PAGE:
Despite its illegality on the federal level, and a patchwork of legislation at the state and local level, the business of cannabis appears to be booming.
By some estimates, the sector is expected to balloon to $26 billion by 2025. As the industry matures, it has experienced some familiar growing pains: aggressive marketing, overly optimistic projections and some garden variety fraud. This in turn has attracted the attention of both government regulators and private plaintiffs’ lawyers. Investors and industry participants should be aware of these types of claims, as they are not going away any time soon.
Securities Class Actions
It is a fact of life that publicly traded companies regularly face shareholder securities class actions. The cannabis industry, including the federally legal (but still regulated) hemp and cannabidiol (CBD) sub-sector, is no different. As cannabis companies mature and leave the hands of early stage private investors to tap the public markets, they will face such claims.
In July 2019, CannTrust Holdings Inc., a licensed producer of medical and recreational cannabis in Canada that trades on the over the counter (OTC) market in the United States, was sued by investors after its stock dropped more than 22% in a single day. This was the result of a July 8, 2019 disclosure that Health Canada (Canada’s public health agency) quarantined some of CannTrust’s cannabis because CannTrust grew it in an unlicensed facility. Two days later, a class action alleging violations of various federal securities laws was filed in the Southern District of New York.
Although this type of underlying non-compliance fact pattern may be several years off for the mainline cannabis industry in the United States—since no federal licensure scheme is in place while the plant remains illegal—it is not hard to see how it would play out for the hemp and CBD industries. Hemp producers are subject to regulation by the U.S. Department of Agriculture (USDA) and various state and even tribal agencies under the 2018 Farm Bill. Cultivation of hemp must be in accordance with a plan created or approved by the USDA, and noncompliance may potentially subject producers to an escalating menu of penalties, including ineligibility for future participation in the program and referral for criminal prosecution. The potential, therefore, is there for the CannTrust fact pattern to play out for hemp producers stateside.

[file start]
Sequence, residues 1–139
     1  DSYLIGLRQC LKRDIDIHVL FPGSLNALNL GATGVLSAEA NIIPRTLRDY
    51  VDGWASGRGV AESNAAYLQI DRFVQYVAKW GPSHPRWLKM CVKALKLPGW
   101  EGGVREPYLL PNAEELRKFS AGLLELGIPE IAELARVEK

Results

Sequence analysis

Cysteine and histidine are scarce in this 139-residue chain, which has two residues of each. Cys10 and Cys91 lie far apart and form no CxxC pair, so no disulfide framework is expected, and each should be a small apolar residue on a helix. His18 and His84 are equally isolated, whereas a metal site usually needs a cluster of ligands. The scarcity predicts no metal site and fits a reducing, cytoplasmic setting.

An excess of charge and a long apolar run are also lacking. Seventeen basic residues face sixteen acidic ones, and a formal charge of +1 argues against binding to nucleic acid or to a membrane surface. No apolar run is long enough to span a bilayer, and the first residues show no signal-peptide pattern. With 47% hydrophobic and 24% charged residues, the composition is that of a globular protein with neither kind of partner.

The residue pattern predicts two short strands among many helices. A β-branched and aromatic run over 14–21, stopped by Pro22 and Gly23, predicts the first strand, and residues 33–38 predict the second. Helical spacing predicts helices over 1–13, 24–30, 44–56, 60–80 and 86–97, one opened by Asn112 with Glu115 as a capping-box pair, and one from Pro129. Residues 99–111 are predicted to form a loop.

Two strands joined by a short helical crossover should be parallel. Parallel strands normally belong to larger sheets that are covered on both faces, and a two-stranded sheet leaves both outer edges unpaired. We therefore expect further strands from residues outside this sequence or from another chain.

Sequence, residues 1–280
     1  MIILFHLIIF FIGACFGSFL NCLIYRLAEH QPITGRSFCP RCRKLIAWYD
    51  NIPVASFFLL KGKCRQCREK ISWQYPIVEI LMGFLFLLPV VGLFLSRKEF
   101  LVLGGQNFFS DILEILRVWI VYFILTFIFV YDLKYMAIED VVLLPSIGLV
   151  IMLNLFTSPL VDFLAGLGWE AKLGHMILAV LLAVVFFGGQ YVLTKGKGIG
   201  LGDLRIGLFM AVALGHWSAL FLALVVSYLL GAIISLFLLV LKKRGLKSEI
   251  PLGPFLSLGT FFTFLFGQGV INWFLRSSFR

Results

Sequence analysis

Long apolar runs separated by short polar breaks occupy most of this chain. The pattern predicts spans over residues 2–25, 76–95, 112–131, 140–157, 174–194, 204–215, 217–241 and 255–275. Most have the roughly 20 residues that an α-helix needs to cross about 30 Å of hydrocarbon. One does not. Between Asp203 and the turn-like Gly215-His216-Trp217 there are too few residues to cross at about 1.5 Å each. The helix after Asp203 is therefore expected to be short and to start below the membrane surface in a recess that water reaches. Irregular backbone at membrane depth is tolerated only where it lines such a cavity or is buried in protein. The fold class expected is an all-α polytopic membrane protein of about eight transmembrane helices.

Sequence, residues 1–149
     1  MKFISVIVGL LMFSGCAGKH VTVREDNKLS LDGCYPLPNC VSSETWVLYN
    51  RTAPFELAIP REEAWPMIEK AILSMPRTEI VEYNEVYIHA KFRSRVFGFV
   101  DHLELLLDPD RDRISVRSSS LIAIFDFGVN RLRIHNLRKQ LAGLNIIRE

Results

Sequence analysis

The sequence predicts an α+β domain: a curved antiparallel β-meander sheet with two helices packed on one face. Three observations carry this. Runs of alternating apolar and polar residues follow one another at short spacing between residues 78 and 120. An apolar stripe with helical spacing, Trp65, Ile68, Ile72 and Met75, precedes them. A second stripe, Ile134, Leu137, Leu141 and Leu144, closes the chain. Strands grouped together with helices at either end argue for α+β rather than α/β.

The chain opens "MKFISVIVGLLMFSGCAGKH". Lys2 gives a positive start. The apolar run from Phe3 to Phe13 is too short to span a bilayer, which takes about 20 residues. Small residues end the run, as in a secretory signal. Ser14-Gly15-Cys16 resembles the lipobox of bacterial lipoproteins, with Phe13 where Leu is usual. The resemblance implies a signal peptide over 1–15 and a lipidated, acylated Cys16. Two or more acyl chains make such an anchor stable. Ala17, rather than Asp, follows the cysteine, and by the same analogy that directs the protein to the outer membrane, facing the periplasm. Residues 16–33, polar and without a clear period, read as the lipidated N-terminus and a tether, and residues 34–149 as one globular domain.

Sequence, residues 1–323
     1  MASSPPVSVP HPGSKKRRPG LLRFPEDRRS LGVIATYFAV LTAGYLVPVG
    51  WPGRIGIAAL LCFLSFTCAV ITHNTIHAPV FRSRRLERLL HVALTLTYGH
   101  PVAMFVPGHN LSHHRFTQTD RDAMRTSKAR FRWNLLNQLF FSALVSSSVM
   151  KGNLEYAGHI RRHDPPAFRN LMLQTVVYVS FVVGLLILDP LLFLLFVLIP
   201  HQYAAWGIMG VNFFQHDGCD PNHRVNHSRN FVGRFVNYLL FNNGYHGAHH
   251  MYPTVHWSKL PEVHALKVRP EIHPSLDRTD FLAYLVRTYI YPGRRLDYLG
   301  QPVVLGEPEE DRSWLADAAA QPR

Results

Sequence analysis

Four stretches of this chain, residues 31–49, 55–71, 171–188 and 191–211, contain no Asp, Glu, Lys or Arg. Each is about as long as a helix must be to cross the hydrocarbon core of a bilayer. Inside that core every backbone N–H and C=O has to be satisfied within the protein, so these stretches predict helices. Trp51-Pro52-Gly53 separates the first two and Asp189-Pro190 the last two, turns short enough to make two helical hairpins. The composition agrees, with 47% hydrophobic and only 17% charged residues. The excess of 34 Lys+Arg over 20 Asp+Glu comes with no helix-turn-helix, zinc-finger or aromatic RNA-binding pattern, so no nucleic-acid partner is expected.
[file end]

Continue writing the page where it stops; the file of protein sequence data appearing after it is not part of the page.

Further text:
Claims concerning CBD, which can be extracted from hemp, are already here. With the removal of hemp-derived CBD from Schedule I of Controlled Substances Act (CSA) under the Farm Bill, sales of products containing CBD have exploded, even hitting the shelves of stores like CVS and Whole Foods. Almost immediately, the FDA and the FTC stepped in to remind market participants that CBD is subject to regulation, the FDA considers it an active drug ingredient, and there are too many unsubstantiated claims about its benefits. To date, the FDA and the FTC have opted to deal with violations by sending companies warning letters, which are then made available on the agencies’ respective websites.
On August 5, 2019, the first securities class action lawsuit was filed against the recipient of one such letter, Curaleaf Holdings, Inc. Curaleaf, which is incorporated in Canada, but has operations in the United States, trades on the OTC market. It is a major player in the CBD market, and in March 2019 it was announced that it inked a deal with CVS to carry its products in over 800 stores. It also launched a pet-centric brand of CBD products called Bido. However, on July 22, 2019, Curaleaf received a warning letter from the FDA, stating that the marketing of its products crossed the line into making unsubstantiated health claims and misbranding its products, which the FDA considered to be unapproved human and animal drugs. The revelation resulted in a stock drop of nearly 8%, which was followed by a lawsuit in the Eastern District of New York.